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An American orders spaghetti and meatballs in Poway

Turns out to be far less boring than it sounds thanks to Mamma Teresa

If you don't say stop, the Parmesan piles up. Spaghetti and meatballs. Mamma Teresa.
If you don't say stop, the Parmesan piles up. Spaghetti and meatballs. Mamma Teresa.
Place

Mamma Teresa

13305 Poway Road, Poway

I've eaten lunch in Poway a lot over the years, and have even walked past Mamma Teresa a few times, sometimes on my way to the Five Guys next door, or to the Japanese restaurant on the other side. I never really thought to go in because, let's face it, Italian restaurants don't seem that exciting. We all grew up eating spaghetti, and ordering pasta in a restaurant is widely considered the worst bang for your buck because the ingredients cost so little and the results so simple to achieve at home.

That said, pasta makes a great comfort food, so I finally made my way into Mamma Teresa's last week. Every day since, I've been kicking myself for not going sooner.

It's not trying to compete with the burger chain next door.

What I hadn't realized is that this is a legit Italian restaurant, owned and operated by friendly folk who learned about cooking and eating and enjoying life back where such things were pretty much invented. As if their accents weren't enough to lend an air of authenticity, they swear by their ingredients, including sauces, spices, oils and prosciutto di parma (thinly sliced, dry-cured ham) shipped across the Atlantic for Poway's enjoyment.

The prices don't necessarily reflect this. An $8 lunch nets you salad, entrée and bread service — not in huge portions but enough to fill me up. The bread arrives warm and soft, glorious when dipped in a bit of olive oil.

I felt silly and stereotypical doing so, but I had to go with the spaghetti and meatballs. I was here to be a critic, after all, and what better way to judge an ethnic restaurant than to order its most Americanized dish?

No regrets. Not for a minute. Well, maybe for about fifteen seconds, when at first glance I thought they gave me way too little pasta to spread around the generous heaps of meatball and what Tony Soprano would call "gravy." Then I tasted it, and by the end of my meal I was spooning up every last bit of that sauce.

There's nothing like terrific ingredients to show the error of heavy handed cooking. I'm always impressed when a sandwich has seven or eight toppings, for example, because my mental calculations insist more is bound to be better. But the truth is, if you build a dish around one or two really delicious things, the results are unbeatable.

This meatballs and tomato sauce dish just needed a couple herbs to produce some of the best Italian food I've encountered in San Diego, and certainly for the price. Thanks to Mamma Teresa for bringing a little Italy to Poway.

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If you don't say stop, the Parmesan piles up. Spaghetti and meatballs. Mamma Teresa.
If you don't say stop, the Parmesan piles up. Spaghetti and meatballs. Mamma Teresa.
Place

Mamma Teresa

13305 Poway Road, Poway

I've eaten lunch in Poway a lot over the years, and have even walked past Mamma Teresa a few times, sometimes on my way to the Five Guys next door, or to the Japanese restaurant on the other side. I never really thought to go in because, let's face it, Italian restaurants don't seem that exciting. We all grew up eating spaghetti, and ordering pasta in a restaurant is widely considered the worst bang for your buck because the ingredients cost so little and the results so simple to achieve at home.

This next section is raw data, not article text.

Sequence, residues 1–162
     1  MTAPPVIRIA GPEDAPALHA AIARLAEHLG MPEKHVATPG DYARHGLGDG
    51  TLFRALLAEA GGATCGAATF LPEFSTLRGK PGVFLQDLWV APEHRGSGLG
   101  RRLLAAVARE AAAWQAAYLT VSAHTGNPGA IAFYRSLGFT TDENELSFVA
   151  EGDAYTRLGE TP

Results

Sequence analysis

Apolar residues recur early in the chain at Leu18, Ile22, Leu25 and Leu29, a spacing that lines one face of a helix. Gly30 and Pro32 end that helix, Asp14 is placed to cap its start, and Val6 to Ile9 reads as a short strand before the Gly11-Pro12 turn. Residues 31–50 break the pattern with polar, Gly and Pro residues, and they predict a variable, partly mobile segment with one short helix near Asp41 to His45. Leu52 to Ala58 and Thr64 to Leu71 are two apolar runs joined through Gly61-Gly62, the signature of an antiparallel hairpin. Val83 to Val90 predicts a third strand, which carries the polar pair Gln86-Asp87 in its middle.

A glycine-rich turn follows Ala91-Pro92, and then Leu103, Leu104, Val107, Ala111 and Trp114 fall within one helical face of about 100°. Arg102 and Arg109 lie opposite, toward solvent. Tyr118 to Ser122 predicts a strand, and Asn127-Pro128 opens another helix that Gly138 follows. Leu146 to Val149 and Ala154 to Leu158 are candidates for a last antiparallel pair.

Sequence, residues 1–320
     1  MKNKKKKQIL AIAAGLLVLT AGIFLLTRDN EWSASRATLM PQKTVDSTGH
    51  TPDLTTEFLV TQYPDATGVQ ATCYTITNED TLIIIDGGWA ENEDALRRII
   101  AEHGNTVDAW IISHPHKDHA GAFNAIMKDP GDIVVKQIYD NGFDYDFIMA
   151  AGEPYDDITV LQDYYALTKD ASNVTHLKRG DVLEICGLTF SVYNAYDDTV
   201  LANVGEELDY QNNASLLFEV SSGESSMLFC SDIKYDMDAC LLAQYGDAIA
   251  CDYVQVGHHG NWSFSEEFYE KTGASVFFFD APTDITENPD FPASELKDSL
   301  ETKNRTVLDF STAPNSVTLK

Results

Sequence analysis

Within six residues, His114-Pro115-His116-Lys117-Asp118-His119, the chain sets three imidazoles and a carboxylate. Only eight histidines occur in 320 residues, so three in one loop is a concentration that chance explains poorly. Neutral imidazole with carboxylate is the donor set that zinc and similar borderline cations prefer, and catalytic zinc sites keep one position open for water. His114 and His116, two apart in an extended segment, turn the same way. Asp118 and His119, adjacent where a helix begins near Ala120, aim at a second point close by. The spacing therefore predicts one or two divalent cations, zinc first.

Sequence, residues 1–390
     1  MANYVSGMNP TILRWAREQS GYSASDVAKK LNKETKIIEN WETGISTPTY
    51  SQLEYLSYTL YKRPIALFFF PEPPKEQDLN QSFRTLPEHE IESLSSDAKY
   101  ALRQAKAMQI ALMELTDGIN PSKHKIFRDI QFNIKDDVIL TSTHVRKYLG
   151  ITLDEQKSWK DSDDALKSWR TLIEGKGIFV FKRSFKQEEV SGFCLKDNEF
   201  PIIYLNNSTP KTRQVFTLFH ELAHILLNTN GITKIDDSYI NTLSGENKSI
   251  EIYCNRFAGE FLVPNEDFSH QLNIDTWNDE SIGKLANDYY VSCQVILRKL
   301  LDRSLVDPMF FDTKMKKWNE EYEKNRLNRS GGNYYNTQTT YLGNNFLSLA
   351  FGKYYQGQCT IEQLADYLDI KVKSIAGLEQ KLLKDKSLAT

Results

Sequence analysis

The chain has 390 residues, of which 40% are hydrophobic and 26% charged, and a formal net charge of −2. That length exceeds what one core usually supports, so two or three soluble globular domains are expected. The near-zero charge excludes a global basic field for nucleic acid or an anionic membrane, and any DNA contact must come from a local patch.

That said, pasta makes a great comfort food, so I finally made my way into Mamma Teresa's last week. Every day since, I've been kicking myself for not going sooner.

It's not trying to compete with the burger chain next door.

What I hadn't realized is that this is a legit Italian restaurant, owned and operated by friendly folk who learned about cooking and eating and enjoying life back where such things were pretty much invented. As if their accents weren't enough to lend an air of authenticity, they swear by their ingredients, including sauces, spices, oils and prosciutto di parma (thinly sliced, dry-cured ham) shipped across the Atlantic for Poway's enjoyment.

The prices don't necessarily reflect this. An $8 lunch nets you salad, entrée and bread service — not in huge portions but enough to fill me up. The bread arrives warm and soft, glorious when dipped in a bit of olive oil.

I felt silly and stereotypical doing so, but I had to go with the spaghetti and meatballs. I was here to be a critic, after all, and what better way to judge an ethnic restaurant than to order its most Americanized dish?

No regrets. Not for a minute. Well, maybe for about fifteen seconds, when at first glance I thought they gave me way too little pasta to spread around the generous heaps of meatball and what Tony Soprano would call "gravy." Then I tasted it, and by the end of my meal I was spooning up every last bit of that sauce.

There's nothing like terrific ingredients to show the error of heavy handed cooking. I'm always impressed when a sandwich has seven or eight toppings, for example, because my mental calculations insist more is bound to be better. But the truth is, if you build a dish around one or two really delicious things, the results are unbeatable.

This meatballs and tomato sauce dish just needed a couple herbs to produce some of the best Italian food I've encountered in San Diego, and certainly for the price. Thanks to Mamma Teresa for bringing a little Italy to Poway.

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